Subject: Re: Symlink ownership (let's go back)
To: None <current-users@NetBSD.ORG>
From: der Mouse <mouse@Collatz.McRCIM.McGill.EDU>
Date: 08/08/1995 09:30:37
> I've been watching this thread a little, and every time I see another
> suggestion made, I have to cringe... ;-(
Why? You don't really think they're all going to happen, surely? (Of
the three suggestions I've made - symlink 0555 bits, symlink 0222 bits,
and symlink 06000 bits - even I have implemented only one (the first).)
Or do you think the current setup is so perfect that no suggestions
could be worthwhile?
> Could someone post the relevant parts of the relevant standards, so
> we can all work on real data, please?
I'm not entirely convinced this is worthwhile, since at least a couple
of people have been saying "let's ignore the standards on this issue,
since the standards are broken".
> My $0.02 worth are like so: traditionally, symlinks were owned by
> UID & GID zero, and had perms 777.
What sort of system was _that_?! Every pre-NetBSD system I've used has
had symlinks owned by their creators (uid) and creator or directory
owner (gid), same as if they were files created in the same directory.
Some of them (eg, 4.3) gave 0777&~umask for permission bits, others
gave them 0777; all of them ignored the permissions when accessing the
symlink. Then along came these pseudo-unowned symlinks....
> It makes little sense to have any sort of protection based on [the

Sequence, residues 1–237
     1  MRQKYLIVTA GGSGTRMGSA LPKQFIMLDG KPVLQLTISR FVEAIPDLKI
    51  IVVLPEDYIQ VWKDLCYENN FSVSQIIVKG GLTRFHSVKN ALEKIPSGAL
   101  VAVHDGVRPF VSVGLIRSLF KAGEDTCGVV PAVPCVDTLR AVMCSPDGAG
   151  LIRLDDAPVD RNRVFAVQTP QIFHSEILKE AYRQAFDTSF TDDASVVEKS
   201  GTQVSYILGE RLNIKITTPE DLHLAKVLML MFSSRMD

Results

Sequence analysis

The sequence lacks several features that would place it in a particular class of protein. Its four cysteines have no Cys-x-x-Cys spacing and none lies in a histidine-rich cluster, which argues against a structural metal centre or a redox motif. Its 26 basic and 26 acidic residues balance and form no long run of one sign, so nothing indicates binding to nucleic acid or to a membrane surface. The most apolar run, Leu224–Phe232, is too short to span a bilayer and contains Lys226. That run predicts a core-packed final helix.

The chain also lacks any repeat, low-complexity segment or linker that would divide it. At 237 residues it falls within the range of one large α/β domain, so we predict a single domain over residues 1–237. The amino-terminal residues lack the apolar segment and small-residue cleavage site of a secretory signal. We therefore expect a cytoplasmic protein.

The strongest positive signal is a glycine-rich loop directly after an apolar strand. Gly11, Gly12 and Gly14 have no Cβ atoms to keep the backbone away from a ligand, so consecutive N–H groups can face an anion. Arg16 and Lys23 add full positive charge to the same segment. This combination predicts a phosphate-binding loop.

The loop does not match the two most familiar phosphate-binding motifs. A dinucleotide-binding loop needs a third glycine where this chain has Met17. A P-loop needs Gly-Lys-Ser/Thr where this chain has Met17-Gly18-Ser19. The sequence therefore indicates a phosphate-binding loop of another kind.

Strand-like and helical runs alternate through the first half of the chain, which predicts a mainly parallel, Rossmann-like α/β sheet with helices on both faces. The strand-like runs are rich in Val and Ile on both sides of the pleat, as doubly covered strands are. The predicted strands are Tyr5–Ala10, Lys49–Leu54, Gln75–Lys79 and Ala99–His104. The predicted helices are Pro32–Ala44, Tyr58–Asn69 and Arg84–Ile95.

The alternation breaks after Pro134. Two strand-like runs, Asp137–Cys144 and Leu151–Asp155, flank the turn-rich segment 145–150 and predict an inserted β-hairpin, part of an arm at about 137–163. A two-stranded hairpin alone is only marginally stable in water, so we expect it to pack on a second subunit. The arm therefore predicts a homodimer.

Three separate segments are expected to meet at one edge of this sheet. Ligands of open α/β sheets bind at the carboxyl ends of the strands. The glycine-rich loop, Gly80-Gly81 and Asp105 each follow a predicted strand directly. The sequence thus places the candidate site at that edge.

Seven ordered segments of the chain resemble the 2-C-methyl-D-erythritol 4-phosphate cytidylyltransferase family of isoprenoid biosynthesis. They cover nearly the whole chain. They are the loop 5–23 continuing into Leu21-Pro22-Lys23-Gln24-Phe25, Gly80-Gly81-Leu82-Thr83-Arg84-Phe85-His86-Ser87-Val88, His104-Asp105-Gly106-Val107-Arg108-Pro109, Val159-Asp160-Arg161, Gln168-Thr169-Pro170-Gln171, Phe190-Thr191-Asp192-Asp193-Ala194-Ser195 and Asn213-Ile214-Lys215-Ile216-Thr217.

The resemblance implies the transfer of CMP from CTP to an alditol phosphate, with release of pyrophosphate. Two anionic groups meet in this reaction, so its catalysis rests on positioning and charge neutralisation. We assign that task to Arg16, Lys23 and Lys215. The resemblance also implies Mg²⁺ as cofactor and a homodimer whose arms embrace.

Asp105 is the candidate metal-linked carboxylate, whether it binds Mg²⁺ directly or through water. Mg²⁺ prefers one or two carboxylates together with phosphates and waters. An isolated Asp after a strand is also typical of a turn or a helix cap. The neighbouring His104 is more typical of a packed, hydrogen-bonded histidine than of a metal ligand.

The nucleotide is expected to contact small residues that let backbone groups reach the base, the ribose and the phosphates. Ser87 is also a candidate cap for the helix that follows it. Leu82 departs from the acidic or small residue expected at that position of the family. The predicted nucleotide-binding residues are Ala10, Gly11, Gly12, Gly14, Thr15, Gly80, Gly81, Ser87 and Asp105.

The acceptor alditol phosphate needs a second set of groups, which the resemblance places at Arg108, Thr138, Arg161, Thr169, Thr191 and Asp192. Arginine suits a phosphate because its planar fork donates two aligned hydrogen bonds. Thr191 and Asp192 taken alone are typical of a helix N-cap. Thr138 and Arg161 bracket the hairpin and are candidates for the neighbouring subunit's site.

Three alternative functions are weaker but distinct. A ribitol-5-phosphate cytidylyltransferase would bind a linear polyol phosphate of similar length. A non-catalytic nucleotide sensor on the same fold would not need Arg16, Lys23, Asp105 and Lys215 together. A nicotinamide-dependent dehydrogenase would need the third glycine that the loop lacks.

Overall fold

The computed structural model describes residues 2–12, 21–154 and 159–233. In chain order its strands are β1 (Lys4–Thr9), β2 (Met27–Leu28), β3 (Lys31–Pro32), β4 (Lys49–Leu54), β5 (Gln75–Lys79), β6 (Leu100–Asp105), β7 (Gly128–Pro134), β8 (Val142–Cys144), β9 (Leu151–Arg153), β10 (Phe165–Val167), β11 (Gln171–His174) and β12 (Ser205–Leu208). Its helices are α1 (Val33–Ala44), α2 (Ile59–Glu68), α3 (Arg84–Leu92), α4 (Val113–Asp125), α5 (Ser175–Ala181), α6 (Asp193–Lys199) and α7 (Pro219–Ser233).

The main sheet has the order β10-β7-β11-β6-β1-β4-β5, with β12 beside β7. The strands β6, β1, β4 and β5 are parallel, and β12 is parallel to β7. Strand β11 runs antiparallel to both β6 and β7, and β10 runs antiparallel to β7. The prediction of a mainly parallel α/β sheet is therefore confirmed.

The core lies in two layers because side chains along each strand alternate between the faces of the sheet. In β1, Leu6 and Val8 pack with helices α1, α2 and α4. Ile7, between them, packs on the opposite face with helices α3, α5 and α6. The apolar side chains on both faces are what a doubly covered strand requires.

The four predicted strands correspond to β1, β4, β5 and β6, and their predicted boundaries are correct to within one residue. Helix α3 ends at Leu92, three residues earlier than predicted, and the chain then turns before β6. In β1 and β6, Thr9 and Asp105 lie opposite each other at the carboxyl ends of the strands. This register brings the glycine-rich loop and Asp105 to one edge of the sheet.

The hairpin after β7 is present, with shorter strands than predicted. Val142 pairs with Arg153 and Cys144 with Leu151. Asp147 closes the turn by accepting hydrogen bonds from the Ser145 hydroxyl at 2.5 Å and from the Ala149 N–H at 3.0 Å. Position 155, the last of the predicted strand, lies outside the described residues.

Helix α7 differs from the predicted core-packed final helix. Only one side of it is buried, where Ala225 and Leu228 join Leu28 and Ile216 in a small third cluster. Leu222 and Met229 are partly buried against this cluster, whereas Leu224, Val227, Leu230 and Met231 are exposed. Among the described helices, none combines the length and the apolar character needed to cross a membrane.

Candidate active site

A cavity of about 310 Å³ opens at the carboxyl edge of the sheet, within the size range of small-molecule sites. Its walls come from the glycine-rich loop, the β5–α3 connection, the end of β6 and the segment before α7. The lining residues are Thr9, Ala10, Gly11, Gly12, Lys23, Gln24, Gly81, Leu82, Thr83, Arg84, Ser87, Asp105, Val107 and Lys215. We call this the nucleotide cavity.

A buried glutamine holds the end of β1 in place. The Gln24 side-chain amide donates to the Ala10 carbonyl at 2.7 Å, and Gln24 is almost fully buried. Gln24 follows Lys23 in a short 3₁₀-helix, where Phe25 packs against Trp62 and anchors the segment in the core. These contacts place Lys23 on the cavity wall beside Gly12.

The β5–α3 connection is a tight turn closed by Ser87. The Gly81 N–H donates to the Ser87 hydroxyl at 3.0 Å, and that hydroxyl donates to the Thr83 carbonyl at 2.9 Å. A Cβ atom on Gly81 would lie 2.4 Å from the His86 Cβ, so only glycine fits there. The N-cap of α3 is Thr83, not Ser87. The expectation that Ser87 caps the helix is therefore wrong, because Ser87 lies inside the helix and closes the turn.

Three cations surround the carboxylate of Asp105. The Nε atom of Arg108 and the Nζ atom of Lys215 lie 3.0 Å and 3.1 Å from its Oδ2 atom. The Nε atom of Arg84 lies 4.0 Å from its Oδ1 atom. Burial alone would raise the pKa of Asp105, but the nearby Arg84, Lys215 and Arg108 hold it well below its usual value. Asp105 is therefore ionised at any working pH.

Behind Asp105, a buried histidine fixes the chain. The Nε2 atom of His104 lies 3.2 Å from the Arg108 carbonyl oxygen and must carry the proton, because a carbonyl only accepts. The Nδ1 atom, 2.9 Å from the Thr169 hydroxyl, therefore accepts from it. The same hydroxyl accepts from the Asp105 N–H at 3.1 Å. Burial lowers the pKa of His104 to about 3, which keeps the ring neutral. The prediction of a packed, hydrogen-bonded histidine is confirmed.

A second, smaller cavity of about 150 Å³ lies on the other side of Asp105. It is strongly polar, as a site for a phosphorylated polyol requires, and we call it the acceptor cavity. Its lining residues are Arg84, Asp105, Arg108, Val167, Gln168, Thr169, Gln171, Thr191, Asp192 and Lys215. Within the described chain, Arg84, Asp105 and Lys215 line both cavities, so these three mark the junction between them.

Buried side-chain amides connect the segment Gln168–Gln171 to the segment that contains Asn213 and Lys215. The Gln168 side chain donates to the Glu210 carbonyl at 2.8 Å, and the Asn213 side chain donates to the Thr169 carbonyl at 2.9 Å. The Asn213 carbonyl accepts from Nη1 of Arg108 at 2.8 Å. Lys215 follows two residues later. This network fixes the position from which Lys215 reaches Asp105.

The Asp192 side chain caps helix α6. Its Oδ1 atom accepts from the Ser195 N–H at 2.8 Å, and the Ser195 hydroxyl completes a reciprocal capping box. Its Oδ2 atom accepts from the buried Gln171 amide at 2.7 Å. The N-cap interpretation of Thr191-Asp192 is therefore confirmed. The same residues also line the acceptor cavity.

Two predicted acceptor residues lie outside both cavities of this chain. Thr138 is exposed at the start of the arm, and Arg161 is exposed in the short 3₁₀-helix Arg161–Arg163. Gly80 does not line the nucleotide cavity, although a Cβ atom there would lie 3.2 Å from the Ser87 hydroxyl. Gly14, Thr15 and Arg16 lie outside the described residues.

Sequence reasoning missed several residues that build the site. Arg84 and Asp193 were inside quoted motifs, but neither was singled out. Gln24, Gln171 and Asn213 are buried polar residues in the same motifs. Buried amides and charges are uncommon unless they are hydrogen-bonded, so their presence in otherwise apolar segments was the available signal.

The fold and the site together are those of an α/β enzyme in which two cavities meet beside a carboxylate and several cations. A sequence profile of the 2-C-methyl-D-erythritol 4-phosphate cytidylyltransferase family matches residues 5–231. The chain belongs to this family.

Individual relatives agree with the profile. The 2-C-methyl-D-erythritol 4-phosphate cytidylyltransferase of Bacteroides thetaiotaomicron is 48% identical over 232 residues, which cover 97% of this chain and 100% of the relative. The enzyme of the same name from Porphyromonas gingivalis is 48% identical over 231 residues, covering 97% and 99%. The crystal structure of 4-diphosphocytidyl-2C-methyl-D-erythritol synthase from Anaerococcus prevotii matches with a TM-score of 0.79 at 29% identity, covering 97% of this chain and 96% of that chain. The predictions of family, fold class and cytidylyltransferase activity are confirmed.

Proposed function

> owner and permission bits of a symlink]
I'm not sure why not; every other filesystem entity does something with
its ownership and permissions information. My suggested interpretation
for the r and x bits seems fairly obvious; it's more or less what they
mean for directories. The 06222 bits are a bit more far-fetched, but
still not entirely silly; indeed, set-id symlinks would be a very cheap
way to give capabilities that did not exist before.
> Also, kludging up the directory structure makes no sense to me. Why
> do you want to hack up something beautifull? Why masacre (sp?) a
> thing of simplicity, flexibility and function?
(Massacre, I think.) I don't. As far as I can tell, nobody does,
except non-UNIX systems that are trying to be POSIX and implemented
symlinks as funny directory entries on their own. I'm not even sure
why 4.4 made symlinks unowned; from what's come across the lists here,
it seems to have been an attempt to avoid making lame systems feel
lame. This is not worth even attempting IMO; considering the problems
it's causing, there's no question in my mind that it should be
This leaves us with the problem of that POSIX draft which specifies
that a bunch of syscalls follow terminal symlinks, thus producing the
four-way dilemma I covered in another message.